Fears were sparked by a proposal from the Ministry of Justice (MoJ) to cut costs even further, on top of the previous Labour government’s move to slash legal aid fees by !2.5%.
The MoJ is likely to encounter vast opposition when parliament resumes but on confirming the plans, it said the UK legal system was the "most expensive legal aid system in the world".
The news follows the Immigration Advisory Service’s (IAS) placement into administration as a result of financial problems earlier this month. IAS was the largest provider of immigration law services in the legal aid sector.
IAS followed the same path as Refugee and Migrant Justice (RMJ), another large charity which provided publicly funded immigration services. RMJ went into administration last year after getting into financial difficulties related to the legal aid scheme. It is thought that IAS had over 25,000 live cases (over double the number of cases that RMJ had when it was placed into administration).
The charity was trying to negotiate repayment of money owed to the Legal Services Commission (LSC), but IAS’s trustees took the view that as a consequence of the pending legal aid cuts, the service would not have sufficient cash in the future to pay off this debt.
Around 300 staff were employed by IAS and the service worked from 14 offices and had a further 12 outreach services hosted in other locations.
This case also followed the news that the legal advice charity Law for All, based in west London, entered liquidation because of the looming reduction in fees.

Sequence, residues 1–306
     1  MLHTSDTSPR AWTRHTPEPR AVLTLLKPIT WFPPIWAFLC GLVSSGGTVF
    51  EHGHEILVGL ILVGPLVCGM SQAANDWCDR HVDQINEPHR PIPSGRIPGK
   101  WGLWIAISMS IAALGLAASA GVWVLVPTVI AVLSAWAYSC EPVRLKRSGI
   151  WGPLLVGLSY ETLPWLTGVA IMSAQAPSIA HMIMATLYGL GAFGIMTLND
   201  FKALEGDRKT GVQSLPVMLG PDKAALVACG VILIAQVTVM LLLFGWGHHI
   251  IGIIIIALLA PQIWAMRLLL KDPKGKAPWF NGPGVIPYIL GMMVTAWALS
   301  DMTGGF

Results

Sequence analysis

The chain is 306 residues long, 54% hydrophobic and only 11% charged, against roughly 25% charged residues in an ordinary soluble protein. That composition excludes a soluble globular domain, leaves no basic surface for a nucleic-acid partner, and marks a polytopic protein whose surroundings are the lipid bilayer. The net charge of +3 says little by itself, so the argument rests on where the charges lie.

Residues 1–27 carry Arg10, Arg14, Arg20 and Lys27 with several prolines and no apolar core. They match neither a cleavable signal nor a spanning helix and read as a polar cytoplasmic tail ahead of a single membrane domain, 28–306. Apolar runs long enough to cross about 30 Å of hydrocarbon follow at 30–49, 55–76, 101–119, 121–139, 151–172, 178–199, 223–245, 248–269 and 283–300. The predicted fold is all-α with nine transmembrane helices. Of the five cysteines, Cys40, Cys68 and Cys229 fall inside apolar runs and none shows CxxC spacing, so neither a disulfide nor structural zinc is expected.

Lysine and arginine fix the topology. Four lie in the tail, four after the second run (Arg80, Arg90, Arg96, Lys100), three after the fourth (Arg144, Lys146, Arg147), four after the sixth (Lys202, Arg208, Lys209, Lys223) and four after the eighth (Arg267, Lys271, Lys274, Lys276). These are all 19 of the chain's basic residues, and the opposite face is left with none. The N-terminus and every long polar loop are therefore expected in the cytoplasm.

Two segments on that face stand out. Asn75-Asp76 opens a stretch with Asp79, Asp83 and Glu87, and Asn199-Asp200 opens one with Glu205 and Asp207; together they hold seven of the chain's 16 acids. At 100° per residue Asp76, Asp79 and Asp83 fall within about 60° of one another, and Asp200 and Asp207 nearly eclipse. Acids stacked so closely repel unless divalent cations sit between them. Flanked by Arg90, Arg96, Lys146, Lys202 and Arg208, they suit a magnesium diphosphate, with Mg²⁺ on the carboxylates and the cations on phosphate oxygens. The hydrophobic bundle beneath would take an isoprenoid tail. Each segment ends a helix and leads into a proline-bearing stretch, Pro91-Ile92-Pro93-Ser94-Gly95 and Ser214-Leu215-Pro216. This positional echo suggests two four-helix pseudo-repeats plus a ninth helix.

Steve Hynes, director of the Legal Action Group, said: “We fear we are going to get more insolvencies after Law for All because the costs of doing legal aid won't stack up.”
Law for All employed 70 lawyers and other staff. It provided advice and legal support to around 15,000 clients a year in several west London boroughs as well as parts of East Anglia and Staffordshire.
The charity issued a statement that said: "Changes to the administration of publicly funded legal work have resulted in an unsustainable administrative burden … not to mention reduced payments in real terms.
"These factors – combined with current plans by the government to cut legal aid payments by a further 10% this autumn and to almost completely end legal aid in October 2012 – have led the trustees, reluctantly, to conclude that there is no hope of a viable, long-term future for Law For All."
As well as reducing legal aid fees, the government's Legal Aid, Sentencing and Punishment of Offenders Bill proposes to save a further £350m by withdrawing legal aid from welfare, medical negligence, housing and family issues.
The extra 10% cut will come into force in October for criminal and civil cases and next February for family cases, unless it is voted down by MPs.